Simulated scenario-based training can range from basic to complex. Firearms scenario training can be used like a capstone training element. After mastering the basics of safety, handling and operation, and marksmanship, turning to scenario simulation training can help to mentally prepare for self-defense incidents. This follows the “crawl, walk, run” teaching philosophy.

Types of Firearms Scenario Training

Any good scenario training will be intense and challenging. It will create opportunities for the student to think and act through plausible situations. The thought of taking a life, even in self-defense, is not one that people regularly partake in. Scenario-based training will force a defender to confront a potentially deadly threat and act in the morning. It can help those reluctant to use force become more willing to protect their own lives.

Here are some of the types of firearms simulation training that is potentially available:

Mental Rehearsal

Mental rehearsal is a technique many instructors, including myself, have taught over the years. It can prepare potential law enforcement officers to react to violent or dangerous situations. Mental rehearsal is essentially thinking through scenarios and plotting how to counter or handle those situations. It involves if-then thinking. For example: If a suspect does (make up an action) then I will do this (make up a reaction). It has long been known that mental rehearsal helps program your neural pathways, allowing you to handle that situation, should it occur. In this way, it won’t feel unfamiliar to you when it happens in real life.

Marksmanship Simulators

There are a number of basic marksmanship systems available for in-home training. While they don’t tend to emphasize decision-making, these simulators can help improve marksmanship in the privacy of your home or apartment. Systems often utilize laser modules inserted in a handgun or a simulated handgun. We used the Beamhit System in our police cadet academy for initial training in basic marksmanship, as well as for remedial training for students having problems with trigger management.

Training Through Live Role-Playing

I have also worked extensively with live role-playing over the years for civilians, cadets and cops. In live role-playing, an instructor runs through situations that defenders have maybe even mentally rehearsed previously. That is a great stepping stone. But it is hard to replace the feelings generated by another human being getting in your face — even when that person is an instructor who you know isn’t going to hurt you. Police departments offering self-defense training classes or martial arts schools may provide this type of training. Don’t neglect unarmed self-defense training.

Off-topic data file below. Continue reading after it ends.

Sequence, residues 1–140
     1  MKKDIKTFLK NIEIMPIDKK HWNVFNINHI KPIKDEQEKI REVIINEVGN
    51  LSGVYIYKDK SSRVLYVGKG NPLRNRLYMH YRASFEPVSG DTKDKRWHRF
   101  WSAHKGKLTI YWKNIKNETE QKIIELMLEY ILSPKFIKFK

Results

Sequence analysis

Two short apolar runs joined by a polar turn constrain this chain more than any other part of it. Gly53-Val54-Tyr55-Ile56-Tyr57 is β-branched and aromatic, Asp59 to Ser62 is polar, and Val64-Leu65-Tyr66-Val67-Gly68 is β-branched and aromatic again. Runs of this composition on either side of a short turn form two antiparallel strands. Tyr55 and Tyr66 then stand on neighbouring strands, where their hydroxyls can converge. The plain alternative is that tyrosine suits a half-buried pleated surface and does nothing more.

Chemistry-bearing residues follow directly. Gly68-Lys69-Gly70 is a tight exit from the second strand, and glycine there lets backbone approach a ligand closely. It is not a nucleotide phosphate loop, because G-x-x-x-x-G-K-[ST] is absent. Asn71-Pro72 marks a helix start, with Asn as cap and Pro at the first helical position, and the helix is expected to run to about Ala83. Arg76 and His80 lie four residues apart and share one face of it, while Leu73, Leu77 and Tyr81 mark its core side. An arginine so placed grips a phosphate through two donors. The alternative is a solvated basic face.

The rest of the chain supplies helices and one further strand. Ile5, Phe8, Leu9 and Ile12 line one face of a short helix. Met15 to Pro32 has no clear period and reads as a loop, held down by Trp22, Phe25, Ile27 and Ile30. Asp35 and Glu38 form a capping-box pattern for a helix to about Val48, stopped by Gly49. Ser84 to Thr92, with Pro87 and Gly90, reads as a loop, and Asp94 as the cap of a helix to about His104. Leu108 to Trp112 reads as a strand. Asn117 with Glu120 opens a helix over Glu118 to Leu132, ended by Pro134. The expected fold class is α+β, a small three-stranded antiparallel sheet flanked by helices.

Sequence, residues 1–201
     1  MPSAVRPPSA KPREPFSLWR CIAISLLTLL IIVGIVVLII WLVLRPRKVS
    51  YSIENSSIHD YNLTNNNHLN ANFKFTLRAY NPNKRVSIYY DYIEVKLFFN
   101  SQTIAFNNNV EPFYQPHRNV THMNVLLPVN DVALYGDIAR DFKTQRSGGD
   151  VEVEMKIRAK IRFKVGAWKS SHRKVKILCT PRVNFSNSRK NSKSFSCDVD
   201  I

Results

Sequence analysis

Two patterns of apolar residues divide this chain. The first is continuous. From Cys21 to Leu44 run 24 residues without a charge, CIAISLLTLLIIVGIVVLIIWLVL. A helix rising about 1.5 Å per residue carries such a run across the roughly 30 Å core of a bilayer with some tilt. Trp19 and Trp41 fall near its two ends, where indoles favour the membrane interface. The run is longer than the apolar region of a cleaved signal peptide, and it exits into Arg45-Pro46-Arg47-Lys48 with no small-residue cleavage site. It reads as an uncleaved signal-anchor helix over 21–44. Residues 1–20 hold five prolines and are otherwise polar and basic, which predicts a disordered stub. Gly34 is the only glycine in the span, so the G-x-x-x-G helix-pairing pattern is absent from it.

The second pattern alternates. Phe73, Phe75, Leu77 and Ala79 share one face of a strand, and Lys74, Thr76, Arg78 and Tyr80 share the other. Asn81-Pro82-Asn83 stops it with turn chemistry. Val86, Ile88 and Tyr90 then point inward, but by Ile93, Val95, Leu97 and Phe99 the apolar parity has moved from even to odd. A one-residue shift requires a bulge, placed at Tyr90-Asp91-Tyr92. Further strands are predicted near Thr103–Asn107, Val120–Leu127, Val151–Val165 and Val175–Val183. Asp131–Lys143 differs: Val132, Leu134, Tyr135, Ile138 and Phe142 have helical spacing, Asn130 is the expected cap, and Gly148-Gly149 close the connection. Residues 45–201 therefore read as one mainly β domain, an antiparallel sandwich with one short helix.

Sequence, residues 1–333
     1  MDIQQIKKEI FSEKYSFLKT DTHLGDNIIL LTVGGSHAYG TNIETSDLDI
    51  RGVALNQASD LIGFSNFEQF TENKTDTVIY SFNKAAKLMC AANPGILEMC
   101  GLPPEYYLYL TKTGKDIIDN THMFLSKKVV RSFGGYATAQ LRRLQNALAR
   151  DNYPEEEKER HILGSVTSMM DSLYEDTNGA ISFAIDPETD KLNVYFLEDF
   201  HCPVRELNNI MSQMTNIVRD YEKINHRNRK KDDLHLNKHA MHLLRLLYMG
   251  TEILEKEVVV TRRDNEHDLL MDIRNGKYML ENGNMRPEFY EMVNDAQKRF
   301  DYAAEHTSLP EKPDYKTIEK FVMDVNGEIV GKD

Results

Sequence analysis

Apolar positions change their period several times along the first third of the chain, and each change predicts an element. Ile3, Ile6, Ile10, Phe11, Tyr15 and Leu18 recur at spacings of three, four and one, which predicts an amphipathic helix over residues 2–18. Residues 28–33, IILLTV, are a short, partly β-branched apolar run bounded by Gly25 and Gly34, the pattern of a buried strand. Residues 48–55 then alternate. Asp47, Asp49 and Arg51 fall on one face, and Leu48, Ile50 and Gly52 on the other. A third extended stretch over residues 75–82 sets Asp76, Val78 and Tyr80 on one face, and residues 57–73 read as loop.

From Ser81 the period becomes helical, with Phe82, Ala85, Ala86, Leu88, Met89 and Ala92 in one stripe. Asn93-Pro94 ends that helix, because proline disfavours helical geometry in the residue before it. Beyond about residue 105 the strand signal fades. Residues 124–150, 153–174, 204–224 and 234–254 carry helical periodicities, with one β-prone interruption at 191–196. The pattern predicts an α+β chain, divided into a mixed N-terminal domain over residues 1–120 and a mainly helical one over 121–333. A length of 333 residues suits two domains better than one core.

Computerized Video Simulation

Computerized video training simulations are great systems but are cost-prohibitive for individual purchase. Our police academy is now on its fourth simulator system, having run the gambit from cumbersome VHS video deck up to our current high-speed system on a laptop.

Some advantages of training with video simulation:

  1. Run in a classroom environment
  2. Provide instant feedback
  3. Shots fired can be frozen and reviewed shot-by-shot
  4. Outcomes can be changed based on the trainees’ reactions
  5. Scenarios force the trainee to react verbally and physically
  6. There is no chance of injury

There are various indoor range facilities across the U.S. that incorporate a variety of different types of computerized decision-making simulators.

Live-Fire Simulation Training

While computerized simulation training exists at some indoor ranges, many do not accommodate live fire. An easier way to simulate scenario-based training with your own handguns or shotguns may be to participate in action pistol shooting matches.

Some of these matches are quite elaborate and can involve the use of steel targets, paper targets, shoot/don’t shoot targets, and fire and maneuver techniques. The first match I went to involved a stage where the course began with entry through a wooden door before engaging targets. Another stage involved shooting around an abandoned vehicle. The event was high pressure and very fun. Even if you don’t take home a prize, action pistol matches are a great skill builder.

How Often Should You Train on Scenarios?

One of the things I frequently encountered with simulation training was people wanting to go through it more often than would be beneficial (especially likely on the computer simulators). While preparing the mind for a high-stress event ahead of time is ideal, too much repetition can lead to a gaming mindset. If you find yourself simply going through the motions, stop for a while and return at a later date. Your mind is likely not gaining the necessary benefits of scenario-based training.

As far as action pistol type shooting goes, I can’t emphasize that type of simulation enough—go as often as you can—as long as the match courses of fire are changed. Similarly in action pistol matches; mastering a course may be fun, but doing the same one repeatedly doesn’t push you to further develop your skills.